Hackers don’t type in passwords one at a time. Instead, they often get millions of them at once from data breaches. They target the short passwords first and, with enough passwords to compare, they’re able to decrypt thousands of them in just a couple of hours.

If your password is 8 characters or longer, however, there’s a good chance it will be overlooked.
Hackers don’t want your password: they want as many as they can get in the shortest time possible.

Assuming it is not a common password such as “password123,” each additional character over eight could potentially add days, months, years, or even decades to the time it would take an algorithm to crack, making your password very unappealing to hackers.

I suggest using passwords with at least 10 characters to keep yourself off hackers’ radar.

Use Sentences as Passwords

Which is easier to remember: “Tl|_|,BwwB2R” or “My favorite kind of pie is chocolate!”?

The latter, of course.

However, you don’t want to use real words, as they are easily cracked.

Instead, use only the letters from your sentence as a password.

In this instance, “My favorite kind of pie is chocolate!” turns into “Mfkopic!.”

If you’re feeling clever, you could even change “pie” to “3.14” (pi = 3.14, in math terms), then the “1” to a “!”. This leaves you with “Mfko3.!4ic!” – a password which cannot be easily guessed and would take 200 million years to crack.

As long as you avoid using common words or phrases, this simple technique will keep you much more secure than most complex, hard to remember passwords.

Remember: a password that is hard for you to remember is not always hard for a computer to guess.



Here are some resources to help you create strong passwords, along with some cool facts and information:

Helpful graph for remembering long passwords (Stanford Password Policy):

6 techniques for creating stronger passwords:

Most commonly used passwords of 2016:

Common passwords, plus helpful tips and tricks to keep yourself safe:

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3 Ways To Extend Your iPhone Battery Life

I replaced the battery in my iPhone 6 at the start of marching band season in August. Long days on the road at competitions meant not being near an electrical outlet to charge my phone.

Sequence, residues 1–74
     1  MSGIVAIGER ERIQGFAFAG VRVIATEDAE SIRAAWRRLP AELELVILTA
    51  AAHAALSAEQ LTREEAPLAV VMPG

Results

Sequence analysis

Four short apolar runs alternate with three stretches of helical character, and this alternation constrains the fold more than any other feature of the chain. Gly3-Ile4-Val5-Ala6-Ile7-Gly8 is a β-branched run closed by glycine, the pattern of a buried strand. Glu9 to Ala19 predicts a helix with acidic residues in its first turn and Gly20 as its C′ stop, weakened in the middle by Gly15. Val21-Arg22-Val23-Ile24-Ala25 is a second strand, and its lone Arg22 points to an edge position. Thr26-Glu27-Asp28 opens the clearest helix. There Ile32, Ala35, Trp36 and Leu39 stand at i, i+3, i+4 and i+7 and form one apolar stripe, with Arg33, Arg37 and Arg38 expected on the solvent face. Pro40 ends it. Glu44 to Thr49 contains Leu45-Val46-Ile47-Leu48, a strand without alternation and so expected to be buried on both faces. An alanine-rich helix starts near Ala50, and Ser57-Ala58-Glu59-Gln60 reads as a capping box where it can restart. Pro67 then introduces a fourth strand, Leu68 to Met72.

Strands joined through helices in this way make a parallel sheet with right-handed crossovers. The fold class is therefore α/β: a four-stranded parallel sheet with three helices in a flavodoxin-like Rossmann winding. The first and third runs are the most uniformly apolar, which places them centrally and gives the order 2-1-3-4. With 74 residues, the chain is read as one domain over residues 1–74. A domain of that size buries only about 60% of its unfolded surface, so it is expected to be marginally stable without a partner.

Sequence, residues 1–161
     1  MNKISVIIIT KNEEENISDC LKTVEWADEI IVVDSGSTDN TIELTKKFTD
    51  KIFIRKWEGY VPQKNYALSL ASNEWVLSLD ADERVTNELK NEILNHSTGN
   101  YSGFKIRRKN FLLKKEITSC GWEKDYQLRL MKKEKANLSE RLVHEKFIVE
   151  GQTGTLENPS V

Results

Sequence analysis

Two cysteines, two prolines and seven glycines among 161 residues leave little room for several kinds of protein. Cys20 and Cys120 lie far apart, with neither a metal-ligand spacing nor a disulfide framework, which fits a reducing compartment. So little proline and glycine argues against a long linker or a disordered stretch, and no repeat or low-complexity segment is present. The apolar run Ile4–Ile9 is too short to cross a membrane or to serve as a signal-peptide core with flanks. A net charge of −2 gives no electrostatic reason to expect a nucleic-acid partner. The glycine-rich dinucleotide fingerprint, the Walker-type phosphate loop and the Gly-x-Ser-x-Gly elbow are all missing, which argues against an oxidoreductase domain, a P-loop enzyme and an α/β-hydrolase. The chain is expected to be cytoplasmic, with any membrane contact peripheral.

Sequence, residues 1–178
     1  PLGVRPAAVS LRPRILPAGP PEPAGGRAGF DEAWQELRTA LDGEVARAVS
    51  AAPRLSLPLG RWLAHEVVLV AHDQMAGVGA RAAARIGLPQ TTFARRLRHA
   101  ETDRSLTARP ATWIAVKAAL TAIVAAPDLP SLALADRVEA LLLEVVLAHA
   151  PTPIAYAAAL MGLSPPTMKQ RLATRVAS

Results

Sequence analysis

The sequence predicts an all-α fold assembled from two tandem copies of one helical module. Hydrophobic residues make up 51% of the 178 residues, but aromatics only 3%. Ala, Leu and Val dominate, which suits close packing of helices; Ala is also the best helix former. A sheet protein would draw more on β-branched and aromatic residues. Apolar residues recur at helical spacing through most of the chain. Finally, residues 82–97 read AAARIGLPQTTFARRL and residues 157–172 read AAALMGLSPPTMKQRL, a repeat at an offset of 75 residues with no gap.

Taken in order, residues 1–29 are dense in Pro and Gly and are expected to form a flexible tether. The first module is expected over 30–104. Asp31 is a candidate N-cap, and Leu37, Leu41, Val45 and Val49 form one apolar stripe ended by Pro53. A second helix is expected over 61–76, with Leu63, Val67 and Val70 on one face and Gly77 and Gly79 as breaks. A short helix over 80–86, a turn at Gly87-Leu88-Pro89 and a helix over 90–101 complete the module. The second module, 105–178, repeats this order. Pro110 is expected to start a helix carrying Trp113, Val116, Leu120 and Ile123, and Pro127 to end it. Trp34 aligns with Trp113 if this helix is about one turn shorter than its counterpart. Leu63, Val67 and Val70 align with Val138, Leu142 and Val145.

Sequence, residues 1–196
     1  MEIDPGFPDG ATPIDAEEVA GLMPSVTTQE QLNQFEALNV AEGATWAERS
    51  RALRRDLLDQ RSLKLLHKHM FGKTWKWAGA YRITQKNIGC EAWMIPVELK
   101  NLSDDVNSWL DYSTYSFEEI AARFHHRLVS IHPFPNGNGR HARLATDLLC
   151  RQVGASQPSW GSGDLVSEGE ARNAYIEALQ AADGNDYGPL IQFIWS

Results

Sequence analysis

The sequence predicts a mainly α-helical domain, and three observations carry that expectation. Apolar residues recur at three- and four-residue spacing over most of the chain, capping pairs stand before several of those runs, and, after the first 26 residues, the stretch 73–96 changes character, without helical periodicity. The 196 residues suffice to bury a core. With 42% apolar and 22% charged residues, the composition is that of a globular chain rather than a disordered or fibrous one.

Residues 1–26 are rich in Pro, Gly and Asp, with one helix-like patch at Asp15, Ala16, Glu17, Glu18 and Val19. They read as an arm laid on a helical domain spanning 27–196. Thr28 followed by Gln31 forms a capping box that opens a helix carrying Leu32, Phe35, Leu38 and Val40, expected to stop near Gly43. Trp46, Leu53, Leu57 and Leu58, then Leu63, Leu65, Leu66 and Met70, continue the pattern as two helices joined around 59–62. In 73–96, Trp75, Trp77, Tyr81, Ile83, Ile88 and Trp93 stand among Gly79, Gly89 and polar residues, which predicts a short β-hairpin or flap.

And usually my phone needed charged by noon each day, even with minimal use.

By early-October, though, I noticed my iPhone’s battery life and overall performance seemed sluggish. Even with the new battery.

Letters were slow to appear on the display when typing text messages. Snapchat took forever to open. The camera took 10 seconds or more to process the photo I just took, leaving me to wonder if I’d captured the moment.

As my frustration and impatience grew with my obsolete iPhone, I become more and more tempted to fork out the money for the new iPhone 8 or iPhone X.

But I didn’t (and still haven’t).

Then, just five days before Christmas, Apple finally admitted to intentionally slowing down the older iPhones – to prolong the life of the devices, they said.

Basically, Apple says that as the lithium-ion batteries in the phones age, they’re unable to provide the necessary power for the iPhone to function properly. This could cause unexpected shutdowns or random freezes.

Through software updates, they throttle performance on the iPhone 6, 6s, SE, and 7.

Besides being a disgruntled iPhone user who doesn’t want to shell out $1,000 for the newest model, what can you do?

Here are three easy ways to improve and prolong your older iPhone’s battery life:

Use Low-Power Mode

Low-power mode forces your iPhone to conserve as much power as possible by shutting off all non-essential features.

According to Apple, it could offer you up to three extra hours of time before needing to charge your phone.

To enable this setting:
1. Tap Settings.
2. Tap Battery.
3. Move the Low Power Mode slider to on (green).

NOTE: Be aware that this feature turns off many useful features, including push email notifications, the ability to use Siri by voice command, and some visual effects.

Lower screen brightness

Lighting your display drains the battery the most. Keeping it at a reduced level will help prolong time between charges.

To manually adjust the screen brightness:
1. Tap Settings.
2. Tap Display & Brightness.
3. Move the Brightness slider as far to the left as your eyes will allow you to clearly see content on your screen.

Alternatively, you can enable Auto-Brightness. This setting lets your iPhone automatically determine the appropriate level of brightness based upon the ambient light conditions at the time.

To turn on Auto-Brightness:
1. Tap Settings.
2. Tap General.
3. Tap Accessibility.
4. Tap Display Accommodations.
5. Move the Auto-Brightness slider to on (green).

Limit background app refresh

Some apps are set to update their content even when you’re not using them. The benefit is you’ll have new content immediately when you open the app. The drawback is less battery life.

To turn off background app refresh:
1. Tap Settings.
2. Tap General.
3. Tap Background App Refresh.

From here you have several options.

You can manually turn off individual apps from refreshing automatically by moving the slider to the left (off/gray).

Or you can turn off all apps from refreshing by tapping the Background App Refresh at the top and selecting Off.

If these suggestions don’t help extend your battery life, you can either have your battery replaced or, if you’re excited to upgrade to the newest iPhone, you can purchase the iPhone 8 or iPhone X. – and then do this all again in two more years!

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4 Tech Predictions for the New Year

Tech Predictions

“Technology is anything that wasn’t around when you were born,” computer scientist Alan Kay aptly states.